Preparing for Broadway

This past week, I have done many tasks, from picking up lunches from EVOS to directing the performance. Broadway Bootcamp began on Monday, June 13 at 9:00 a.m., 23 students walked in to St. Petersburg City Theatre, with the hopes of walking out on Friday evening, prepared to audition for anything their heart desired. 

Monday morning, consisted of taking the medical information, that was provided to us, by the parents, and inputting it into a template that was created for student lanyards. These lanyards would be worn by the students everyday, in case something happened and we didn't have time to look for their medical form. Once that was completed, I began cutting out the individual cards and placing them into the plastic sleeves, attached to the lanyards. 

This summer, St. Petersburg City Theatre partnered with EVOS to provide the kids, with healthy lunches everyday. In the past lunches consisted of Pizza, Macaroni and Cheese, and Chef Boyardee. While, these all seem like the perfect lunches for kids, they aren't the healthiest when you have to eat them everyday. With the EVOS lunch program, the kids could order what they wanted online and it was at the theatre, ready to go at 12:00 sharp. The lunches consisted of a box lunched which included hamburgers, corndogs, chicken strips, wraps, etc. with a water bottle, a fruit and a bag of chips. You could also order Soda, Water and a cookie, if you liked. If the lunch order was 20 meals or more EVOS would deliver to us. If they were not 20 orders or more, someone from the theatre had to go and pick it up. That person happened to be me. You can imagine with only 23 students, that we never got to that 20 lunch order goal, so every day around 11:20, I would get in my 2003 green Toyota Camry and drove to EVOS on 4th street to pick up the lunches.

The rest of the week, consisted of the students working on their monologues, songs, and dance, that was provided by the staff. The final showcase, at the end of the week was done a little differently than it was in the past. In the past, it used to be just a showcase, where the kids would get up, perform their song and their monologue and then sit back down. At the end of it all they would perform their dance, that they learned during the week. This year we decided, to make the final performance a musical. In the weeks prior to the beginning of camp; I wrote a script for the final showcase. It was entitled "The Next Broadway Star." It showed auditions, from the eyes of the people, behind the table. Below you can see the first draft of the front cover of the program, designed by Colleen Weidenfeller, a parent of one of our students.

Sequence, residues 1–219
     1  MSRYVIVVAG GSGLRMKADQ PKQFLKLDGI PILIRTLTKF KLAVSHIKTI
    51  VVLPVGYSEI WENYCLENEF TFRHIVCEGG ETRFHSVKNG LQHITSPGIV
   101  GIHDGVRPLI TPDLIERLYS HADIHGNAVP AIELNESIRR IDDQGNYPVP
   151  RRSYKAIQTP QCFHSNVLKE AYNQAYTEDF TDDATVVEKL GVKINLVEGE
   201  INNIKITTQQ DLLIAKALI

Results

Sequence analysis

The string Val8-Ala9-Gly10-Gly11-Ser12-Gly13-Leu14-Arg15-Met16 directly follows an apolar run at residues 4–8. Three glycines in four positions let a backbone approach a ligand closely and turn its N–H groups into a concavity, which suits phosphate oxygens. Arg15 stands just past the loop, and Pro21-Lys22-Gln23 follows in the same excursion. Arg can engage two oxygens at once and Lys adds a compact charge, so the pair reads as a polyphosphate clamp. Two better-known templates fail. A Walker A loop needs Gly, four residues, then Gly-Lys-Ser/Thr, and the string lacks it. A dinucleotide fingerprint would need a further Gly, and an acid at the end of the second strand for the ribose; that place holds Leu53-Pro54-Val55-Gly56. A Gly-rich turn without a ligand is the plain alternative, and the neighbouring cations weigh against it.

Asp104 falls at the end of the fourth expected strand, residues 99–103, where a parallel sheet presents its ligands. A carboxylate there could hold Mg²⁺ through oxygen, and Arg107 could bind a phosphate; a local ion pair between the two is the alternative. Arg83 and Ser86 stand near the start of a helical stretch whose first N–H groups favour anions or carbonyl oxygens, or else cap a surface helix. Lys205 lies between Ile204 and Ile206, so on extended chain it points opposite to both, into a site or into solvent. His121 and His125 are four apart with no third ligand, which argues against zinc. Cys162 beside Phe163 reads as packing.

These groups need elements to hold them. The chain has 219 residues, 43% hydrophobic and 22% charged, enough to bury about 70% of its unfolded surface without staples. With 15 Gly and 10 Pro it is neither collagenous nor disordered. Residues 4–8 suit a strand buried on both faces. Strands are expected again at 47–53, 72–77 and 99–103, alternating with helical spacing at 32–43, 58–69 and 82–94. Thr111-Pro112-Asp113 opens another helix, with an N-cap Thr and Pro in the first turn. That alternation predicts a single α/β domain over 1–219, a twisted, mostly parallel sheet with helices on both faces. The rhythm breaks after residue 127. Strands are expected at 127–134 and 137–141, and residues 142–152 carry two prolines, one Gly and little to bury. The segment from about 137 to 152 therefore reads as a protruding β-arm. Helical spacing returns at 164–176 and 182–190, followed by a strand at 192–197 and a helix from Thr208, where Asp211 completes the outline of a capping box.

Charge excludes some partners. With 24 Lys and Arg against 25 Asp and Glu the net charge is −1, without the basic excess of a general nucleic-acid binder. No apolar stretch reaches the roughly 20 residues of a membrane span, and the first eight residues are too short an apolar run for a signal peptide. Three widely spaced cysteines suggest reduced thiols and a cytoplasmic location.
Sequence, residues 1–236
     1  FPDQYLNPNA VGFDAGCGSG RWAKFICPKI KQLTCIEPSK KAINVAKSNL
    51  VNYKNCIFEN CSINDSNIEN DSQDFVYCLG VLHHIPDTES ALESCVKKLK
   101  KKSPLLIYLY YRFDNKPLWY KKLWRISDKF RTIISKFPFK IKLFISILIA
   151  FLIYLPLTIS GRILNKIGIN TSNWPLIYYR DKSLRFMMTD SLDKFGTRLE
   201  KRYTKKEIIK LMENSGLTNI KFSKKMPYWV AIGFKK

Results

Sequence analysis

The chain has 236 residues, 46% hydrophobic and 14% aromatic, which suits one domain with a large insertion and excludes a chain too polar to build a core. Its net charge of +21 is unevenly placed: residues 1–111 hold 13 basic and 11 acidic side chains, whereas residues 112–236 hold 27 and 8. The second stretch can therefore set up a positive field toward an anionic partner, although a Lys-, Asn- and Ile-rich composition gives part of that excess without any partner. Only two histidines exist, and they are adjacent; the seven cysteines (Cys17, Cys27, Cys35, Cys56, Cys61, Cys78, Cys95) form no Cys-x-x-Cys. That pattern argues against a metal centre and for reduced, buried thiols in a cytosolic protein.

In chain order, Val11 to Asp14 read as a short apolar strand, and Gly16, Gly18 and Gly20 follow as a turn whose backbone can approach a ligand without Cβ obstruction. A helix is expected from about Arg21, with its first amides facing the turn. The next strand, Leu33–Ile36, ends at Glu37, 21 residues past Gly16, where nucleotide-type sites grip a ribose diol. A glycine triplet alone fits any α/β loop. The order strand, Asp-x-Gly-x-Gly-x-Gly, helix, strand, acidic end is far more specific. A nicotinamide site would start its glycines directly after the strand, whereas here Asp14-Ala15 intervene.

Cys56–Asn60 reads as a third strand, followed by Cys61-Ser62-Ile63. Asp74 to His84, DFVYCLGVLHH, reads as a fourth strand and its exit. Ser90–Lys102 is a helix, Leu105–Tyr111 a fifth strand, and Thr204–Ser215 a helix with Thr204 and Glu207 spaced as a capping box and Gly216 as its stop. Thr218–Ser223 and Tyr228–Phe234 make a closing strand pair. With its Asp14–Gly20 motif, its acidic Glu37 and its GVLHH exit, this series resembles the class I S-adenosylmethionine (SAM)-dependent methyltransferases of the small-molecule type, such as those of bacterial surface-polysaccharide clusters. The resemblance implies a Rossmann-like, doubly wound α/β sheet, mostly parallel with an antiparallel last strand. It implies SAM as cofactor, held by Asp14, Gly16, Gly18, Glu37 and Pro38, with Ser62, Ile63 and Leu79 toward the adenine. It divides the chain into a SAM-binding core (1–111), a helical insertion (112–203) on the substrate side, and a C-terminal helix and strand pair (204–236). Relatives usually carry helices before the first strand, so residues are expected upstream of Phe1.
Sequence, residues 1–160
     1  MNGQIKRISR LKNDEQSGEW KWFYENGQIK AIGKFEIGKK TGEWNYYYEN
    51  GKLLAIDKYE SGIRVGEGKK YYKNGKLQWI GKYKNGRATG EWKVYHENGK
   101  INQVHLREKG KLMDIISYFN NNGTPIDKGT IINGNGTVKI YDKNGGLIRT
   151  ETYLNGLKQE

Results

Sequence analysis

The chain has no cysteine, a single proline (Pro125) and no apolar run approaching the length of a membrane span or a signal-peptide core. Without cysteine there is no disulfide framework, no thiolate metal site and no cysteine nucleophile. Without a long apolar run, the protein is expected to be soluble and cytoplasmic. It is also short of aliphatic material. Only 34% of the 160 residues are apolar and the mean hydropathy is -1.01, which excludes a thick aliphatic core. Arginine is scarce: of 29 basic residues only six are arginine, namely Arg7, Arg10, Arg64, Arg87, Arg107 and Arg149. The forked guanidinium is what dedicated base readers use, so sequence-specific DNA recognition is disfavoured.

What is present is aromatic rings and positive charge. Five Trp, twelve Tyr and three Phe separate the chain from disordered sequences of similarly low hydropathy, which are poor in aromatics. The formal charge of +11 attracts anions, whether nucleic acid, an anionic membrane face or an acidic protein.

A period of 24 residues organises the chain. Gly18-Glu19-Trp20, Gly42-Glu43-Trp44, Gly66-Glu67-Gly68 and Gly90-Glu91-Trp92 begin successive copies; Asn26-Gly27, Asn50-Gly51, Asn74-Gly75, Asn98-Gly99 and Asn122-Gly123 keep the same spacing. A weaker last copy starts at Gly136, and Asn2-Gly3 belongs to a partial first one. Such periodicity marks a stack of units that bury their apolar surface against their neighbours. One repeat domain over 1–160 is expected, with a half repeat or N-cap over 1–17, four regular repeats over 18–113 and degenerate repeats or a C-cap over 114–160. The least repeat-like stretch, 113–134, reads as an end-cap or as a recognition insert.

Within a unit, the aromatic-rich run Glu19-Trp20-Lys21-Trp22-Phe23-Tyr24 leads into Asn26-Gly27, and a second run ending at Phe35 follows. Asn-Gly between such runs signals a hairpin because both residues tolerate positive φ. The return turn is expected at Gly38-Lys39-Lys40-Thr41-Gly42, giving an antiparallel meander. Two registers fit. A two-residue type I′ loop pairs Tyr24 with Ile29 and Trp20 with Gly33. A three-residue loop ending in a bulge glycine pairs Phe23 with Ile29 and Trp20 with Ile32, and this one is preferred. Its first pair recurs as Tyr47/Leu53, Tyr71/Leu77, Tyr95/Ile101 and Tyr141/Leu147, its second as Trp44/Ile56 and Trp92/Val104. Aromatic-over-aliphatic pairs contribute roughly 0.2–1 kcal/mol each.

During the week, I was in charge of blocking the show, that I had written. I also, helped with the kids monologues. I typed up all of the resumes and helped create the final folder that they got. 

This week, my patience was tested. We had a student, who did not like to be told no. This child, who will not be named, got the wrong information, when it cam to what they were going to preform for the show. They thought that they were going to preform their song, monologue and scene, that I had written, as well as the scene that was part of the audition in the show. The song that this child picked out was inappropriate to preform at a children's show and when they were told that they could only preform the scene that was part of the audition, they through a tantrum, a full blown crying and screaming tantrum. This was not the first time, that this had happened. They were a problem from the begging. If they did not get what they wanted, they would begin to whine and cry. The Camp Director, Jessica Burchfield, and I spent a lot of time with this child, when they were having a fit. We had decided that we would let them preform their monologue because it was only 4 lines. The night of the show came and their scene came up, at the time where I asked them, if they had a monologue prepared, they realized that they forgot some lines earlier and in the heat of the moment walked off-stage. Once off-stage...here came the tantrum. Everybody could hear it and we just kept going. Eventually they stopped. When I asked about it later, the interns that were back there, said it was because they missed their lines and then they missed their lines, in the last scene because they were still having a tantrum. Because of this child, I realized that I have more patience, then I thought,

The performance went swimmingly and the parents all seemed to like it. The one's who have participated in the camp before, really liked this new twist on the final showcase.

~ Griffin Spriggs, Assistant Camp Director